SNAP Review – Aldabas: Doors of Cartagena

Knock, knock!

Who’s there?

A boardgame…

What boardgame? This boardgame!

Get it? It’s a door knocker!

This is a SNAP review for Aldabas: Doors of Cartagena.


Aldabas is a card-placement game for up to 4 players, designed by Joshua Mills and Nat Levan. It’s published by Grand Gamers Guild, and takes about 30 minutes to play.


I love this art by Juan Vargas. Look at all these different doors! Each colored door has its own shape and texture. Great attention to detail – love it!

And each profession has its own type of door knockers, too. The soldiers are lions and jaguars, the nobles are lizards, there’s a bunch of water animals for the fishers. They’re all modeled after real aldabas from Cartagena in Colombia.

The other elements in the game are.. fine. There are cardboard coins, and this “dock” for the market that flips over into a tiny little scoreboard at the end of the game.

It’s cute, I like it!

Aldabas game setup - 5 cards in Dock, with deck and coins close by


Every player starts with a “vault” and a hand of 5 door cards. You must slide one card under your vault as hidden influence to be revealed only at the end of the game.

On your turn, you will take exactly two actions, but you may do the same action twice, or two different actions.

You may:

  • Take two coins,
  • Buy a door from the dock, paying the listed price in coins and adding it to your hand, or
  • Place a door from your hand into your block, activating its power and the power of any doors touching it.

Your block may not get any bigger than four cards wide and three cards high – and any card you place must be supported”by doors underneath and to the left. So, your first card must be next to or directly above your Vault.

You can also never place two doors of the same color touching each other!

Every card you place has an ability – some are immediately triggered (such as this fisher, who lets you steal coins from rivals) and some are permanent upgrades. When you place a card in your block, you use its ability right away, and the abilities of any cards touching it.

Fisher card from Aldabas

There are three ways to end the game. The supply of coins runs out; the Dock cannot be refilled with cards; or a player fills their 4 x 3 block.

Then every other player gets one more turn.

Flip over the Dock to the scoreboard and start tallying up points.

First, score points for every coin in your Vault.

Then compare influence in each profession – both in your block and in your vault. Whoever has the MOST influence in a profession gets points based on that profession’s scoring condition, and whoever has second-place applies a less-valuable version of that same scoring condition.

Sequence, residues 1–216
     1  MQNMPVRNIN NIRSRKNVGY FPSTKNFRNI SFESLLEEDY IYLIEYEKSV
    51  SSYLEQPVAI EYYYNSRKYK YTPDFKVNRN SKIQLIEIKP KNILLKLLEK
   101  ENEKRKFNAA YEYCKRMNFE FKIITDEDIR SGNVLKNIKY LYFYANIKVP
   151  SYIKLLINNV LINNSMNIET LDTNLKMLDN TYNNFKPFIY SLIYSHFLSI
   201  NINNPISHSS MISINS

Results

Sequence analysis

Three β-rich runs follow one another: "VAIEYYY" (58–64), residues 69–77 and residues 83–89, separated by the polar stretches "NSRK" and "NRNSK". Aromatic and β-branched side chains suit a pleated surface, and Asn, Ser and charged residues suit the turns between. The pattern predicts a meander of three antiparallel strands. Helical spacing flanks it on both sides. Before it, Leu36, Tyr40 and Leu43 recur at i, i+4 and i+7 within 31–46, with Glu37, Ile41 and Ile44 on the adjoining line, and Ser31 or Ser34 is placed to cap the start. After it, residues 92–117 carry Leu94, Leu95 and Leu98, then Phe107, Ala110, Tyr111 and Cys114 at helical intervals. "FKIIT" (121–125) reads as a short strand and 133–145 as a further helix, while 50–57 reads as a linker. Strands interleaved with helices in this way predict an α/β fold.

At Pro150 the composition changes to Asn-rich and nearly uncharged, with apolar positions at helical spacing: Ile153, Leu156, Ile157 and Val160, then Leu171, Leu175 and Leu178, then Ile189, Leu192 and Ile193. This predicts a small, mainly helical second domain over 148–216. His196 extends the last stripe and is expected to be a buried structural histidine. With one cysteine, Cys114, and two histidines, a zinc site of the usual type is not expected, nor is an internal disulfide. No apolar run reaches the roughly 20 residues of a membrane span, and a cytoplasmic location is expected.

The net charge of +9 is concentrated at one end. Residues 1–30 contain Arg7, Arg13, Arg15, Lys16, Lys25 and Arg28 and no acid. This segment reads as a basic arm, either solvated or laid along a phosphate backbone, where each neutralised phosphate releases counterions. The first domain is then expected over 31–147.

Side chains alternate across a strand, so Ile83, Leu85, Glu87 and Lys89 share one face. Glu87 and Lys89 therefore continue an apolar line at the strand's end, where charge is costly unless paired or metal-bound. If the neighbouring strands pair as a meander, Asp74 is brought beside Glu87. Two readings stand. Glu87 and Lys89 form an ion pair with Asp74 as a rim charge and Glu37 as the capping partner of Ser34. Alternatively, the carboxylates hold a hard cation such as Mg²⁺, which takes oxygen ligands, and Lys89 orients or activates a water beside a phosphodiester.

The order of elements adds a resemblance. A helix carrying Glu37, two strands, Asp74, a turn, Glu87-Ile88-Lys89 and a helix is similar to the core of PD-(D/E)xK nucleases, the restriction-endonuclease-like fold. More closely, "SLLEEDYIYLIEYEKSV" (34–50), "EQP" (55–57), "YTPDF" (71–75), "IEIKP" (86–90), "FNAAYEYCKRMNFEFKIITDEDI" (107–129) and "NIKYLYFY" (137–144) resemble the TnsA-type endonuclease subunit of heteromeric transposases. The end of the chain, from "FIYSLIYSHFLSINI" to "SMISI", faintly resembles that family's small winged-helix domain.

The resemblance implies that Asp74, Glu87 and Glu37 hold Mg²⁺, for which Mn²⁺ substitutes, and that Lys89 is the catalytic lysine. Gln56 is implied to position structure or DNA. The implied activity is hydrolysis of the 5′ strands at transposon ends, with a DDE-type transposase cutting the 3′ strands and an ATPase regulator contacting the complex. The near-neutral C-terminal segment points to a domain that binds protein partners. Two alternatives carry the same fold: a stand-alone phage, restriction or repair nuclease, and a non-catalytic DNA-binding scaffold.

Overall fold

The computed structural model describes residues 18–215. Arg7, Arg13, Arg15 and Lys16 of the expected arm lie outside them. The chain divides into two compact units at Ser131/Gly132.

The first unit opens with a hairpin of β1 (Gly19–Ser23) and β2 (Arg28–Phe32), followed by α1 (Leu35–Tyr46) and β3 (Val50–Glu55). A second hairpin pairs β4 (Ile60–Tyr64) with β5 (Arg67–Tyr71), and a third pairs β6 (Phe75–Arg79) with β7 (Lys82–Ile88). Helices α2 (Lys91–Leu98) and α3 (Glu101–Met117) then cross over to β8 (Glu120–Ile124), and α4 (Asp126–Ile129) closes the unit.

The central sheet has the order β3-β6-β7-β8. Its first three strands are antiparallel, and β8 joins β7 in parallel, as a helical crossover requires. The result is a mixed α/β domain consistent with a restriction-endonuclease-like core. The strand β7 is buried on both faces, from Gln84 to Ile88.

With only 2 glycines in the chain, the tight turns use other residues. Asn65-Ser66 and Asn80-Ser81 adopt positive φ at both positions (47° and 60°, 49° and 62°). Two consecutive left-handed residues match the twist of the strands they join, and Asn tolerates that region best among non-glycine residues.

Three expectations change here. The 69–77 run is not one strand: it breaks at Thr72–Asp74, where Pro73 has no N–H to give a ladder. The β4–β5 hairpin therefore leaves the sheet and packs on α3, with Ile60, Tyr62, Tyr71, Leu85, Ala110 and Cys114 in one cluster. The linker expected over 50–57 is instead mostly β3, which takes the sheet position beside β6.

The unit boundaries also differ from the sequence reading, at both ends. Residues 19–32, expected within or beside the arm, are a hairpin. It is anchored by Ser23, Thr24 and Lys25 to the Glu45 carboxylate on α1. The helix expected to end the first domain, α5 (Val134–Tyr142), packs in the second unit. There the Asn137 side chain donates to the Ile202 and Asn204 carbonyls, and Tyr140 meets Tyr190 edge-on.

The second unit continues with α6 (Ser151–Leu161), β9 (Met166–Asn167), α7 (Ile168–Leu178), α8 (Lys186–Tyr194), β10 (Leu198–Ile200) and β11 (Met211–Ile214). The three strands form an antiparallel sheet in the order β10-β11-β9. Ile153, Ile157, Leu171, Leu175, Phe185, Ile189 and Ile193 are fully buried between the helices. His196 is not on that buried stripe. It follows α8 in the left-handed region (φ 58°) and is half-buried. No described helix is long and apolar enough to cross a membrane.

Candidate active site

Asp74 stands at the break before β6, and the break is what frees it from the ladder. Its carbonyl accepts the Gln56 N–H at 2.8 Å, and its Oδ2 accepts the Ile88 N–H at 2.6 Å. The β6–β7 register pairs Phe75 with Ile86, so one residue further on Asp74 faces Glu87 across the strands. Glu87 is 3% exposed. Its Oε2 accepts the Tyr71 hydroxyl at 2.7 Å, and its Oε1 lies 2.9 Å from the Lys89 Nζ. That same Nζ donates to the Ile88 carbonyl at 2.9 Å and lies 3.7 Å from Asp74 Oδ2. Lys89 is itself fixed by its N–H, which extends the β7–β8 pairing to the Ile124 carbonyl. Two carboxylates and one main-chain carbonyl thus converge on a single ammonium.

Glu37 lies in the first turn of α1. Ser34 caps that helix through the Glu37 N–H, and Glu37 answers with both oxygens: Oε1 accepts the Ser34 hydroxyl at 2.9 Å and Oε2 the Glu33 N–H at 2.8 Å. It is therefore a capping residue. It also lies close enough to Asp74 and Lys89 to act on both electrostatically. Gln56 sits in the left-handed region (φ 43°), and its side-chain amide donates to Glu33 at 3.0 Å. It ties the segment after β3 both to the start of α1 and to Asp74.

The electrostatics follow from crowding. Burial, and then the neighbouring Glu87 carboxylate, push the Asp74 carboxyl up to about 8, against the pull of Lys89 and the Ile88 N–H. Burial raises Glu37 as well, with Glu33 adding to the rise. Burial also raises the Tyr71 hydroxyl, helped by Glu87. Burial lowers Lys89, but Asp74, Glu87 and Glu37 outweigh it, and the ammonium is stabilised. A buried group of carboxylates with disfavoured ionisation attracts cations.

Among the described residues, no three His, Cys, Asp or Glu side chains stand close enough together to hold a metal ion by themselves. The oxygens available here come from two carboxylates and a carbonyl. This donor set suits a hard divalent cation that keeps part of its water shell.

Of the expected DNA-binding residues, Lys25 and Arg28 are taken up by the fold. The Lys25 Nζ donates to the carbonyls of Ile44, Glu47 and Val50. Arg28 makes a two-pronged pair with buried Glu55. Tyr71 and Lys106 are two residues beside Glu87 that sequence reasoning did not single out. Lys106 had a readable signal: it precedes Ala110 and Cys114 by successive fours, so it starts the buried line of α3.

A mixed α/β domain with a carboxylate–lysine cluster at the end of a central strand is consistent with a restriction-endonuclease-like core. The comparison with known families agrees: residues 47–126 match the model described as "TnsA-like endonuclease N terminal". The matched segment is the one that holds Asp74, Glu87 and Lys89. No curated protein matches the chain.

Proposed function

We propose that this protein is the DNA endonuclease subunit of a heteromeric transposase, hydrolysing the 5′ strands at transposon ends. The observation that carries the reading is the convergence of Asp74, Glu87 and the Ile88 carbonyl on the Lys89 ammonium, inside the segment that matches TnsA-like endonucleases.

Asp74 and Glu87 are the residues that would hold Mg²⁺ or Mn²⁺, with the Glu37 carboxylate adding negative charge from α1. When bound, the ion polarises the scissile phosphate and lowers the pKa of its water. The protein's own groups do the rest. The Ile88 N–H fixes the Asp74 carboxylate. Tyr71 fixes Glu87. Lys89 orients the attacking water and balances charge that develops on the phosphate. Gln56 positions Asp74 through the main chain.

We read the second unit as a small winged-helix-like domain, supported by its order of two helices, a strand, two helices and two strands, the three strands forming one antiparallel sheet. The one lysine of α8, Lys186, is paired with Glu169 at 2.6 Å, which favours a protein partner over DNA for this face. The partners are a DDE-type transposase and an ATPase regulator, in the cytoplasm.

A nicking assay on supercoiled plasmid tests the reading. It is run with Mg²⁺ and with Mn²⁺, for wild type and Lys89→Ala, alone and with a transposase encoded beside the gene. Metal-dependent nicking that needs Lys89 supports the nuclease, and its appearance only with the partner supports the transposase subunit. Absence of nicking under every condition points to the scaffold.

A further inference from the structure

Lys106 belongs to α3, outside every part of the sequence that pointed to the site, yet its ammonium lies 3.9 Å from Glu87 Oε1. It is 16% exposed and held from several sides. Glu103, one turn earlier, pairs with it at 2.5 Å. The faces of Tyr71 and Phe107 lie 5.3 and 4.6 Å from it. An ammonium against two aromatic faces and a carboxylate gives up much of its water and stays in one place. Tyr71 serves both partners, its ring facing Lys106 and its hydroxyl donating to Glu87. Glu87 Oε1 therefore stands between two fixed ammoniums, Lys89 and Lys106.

Examples: The Soldiers will score points for each Noble in your block. Have the most influence in Builders to score for each non-Builder in your block. Fishers let you score points for the cards still in your hand, Nobles score for each coin you have, and Clergy scores for the influence in your block.

Whoever has the most total influence will also get a bonus. And don’t forget about the Noble doors that give end-game points as their ability!


I remembered seeing a lot about Aldabas when it ran on Kickstarter. I knew it was a card placement game. The art was cool… But I couldn’t figure out what door knockers had to do with anything.

I love the look of the cards. This door knocker thing is cool – people don’t really use door knockers anymore, so it’s a niche kind of thing there that’s really neat. I didn’t really know what the game was going to be about! The lion that is the door knocker on the box had almost a medieval / Warcraft feel, so I thought maybe something like that…

I will say that a small box and a relatively short playtime (30 minutes) always get me interested in a game.


There are a lot of layers to the game of Aldabas. You’ve got the physical placement puzzle – you can’t put the same color doors adjacent to each other, but you also want to trigger abilities at the right time.

Then you’ve got the influence puzzle – you want to come in first place in influence for as many professions as you can… which means trying to balance influence among several professions, and paying attention to your fellow players and where they’re building influence.

Then lastly, you want to make sure you actually have the right components for the professions that you’re going to score! Nobles don’t do you any good if you’ve spent all your coins, and an empty hand makes Fisher influence worthless.

After a few plays, we used the player aid on the back of the vault to help us remember how all the professions score. But we did forget about some of the other ways to score – coins in the Vault and highest total influence! They’re only listed in the rulebook and not on the player aid.

Soldiers: 1st 3 per noble in your block. 2nd 1 per noble in your block....
The player aid is great, but it’s not enough.


Aldabas is a game that’s simple on its face but hides real depth of strategy. We’d say it’s playable by most kids 8 and up, because there’s very little reading required. But younger kids are going to get frustrated by the placement restrictions and math involved.

For older kids and adults, this is a great abstract game that can spark interest in another culture, as well. Aldabas in Cartagena are a real thing!

What are we going to rate Aldabas from Grand Gamers Guild?

We’re going to give it 4 door knockers out of 5.

Aldabas: Doors of Cartagena / Mills & Levan / art by Juan Vargas

The Family Gamers received a copy of Aldabas: Doors of Cartagena from Grand Gamers Guild for this review.

This post contains affiliate links, which do not change your price, but help support The Family Gamers.

SNAP review music is Avalanche, provided courtesy of You Bred Raptors?

Aldabas: Doors of Cartagena
  • Door Knockers


Age Range: 14+ (we say 8+)
Playtime: 30 minutes
Number of Players: 1-4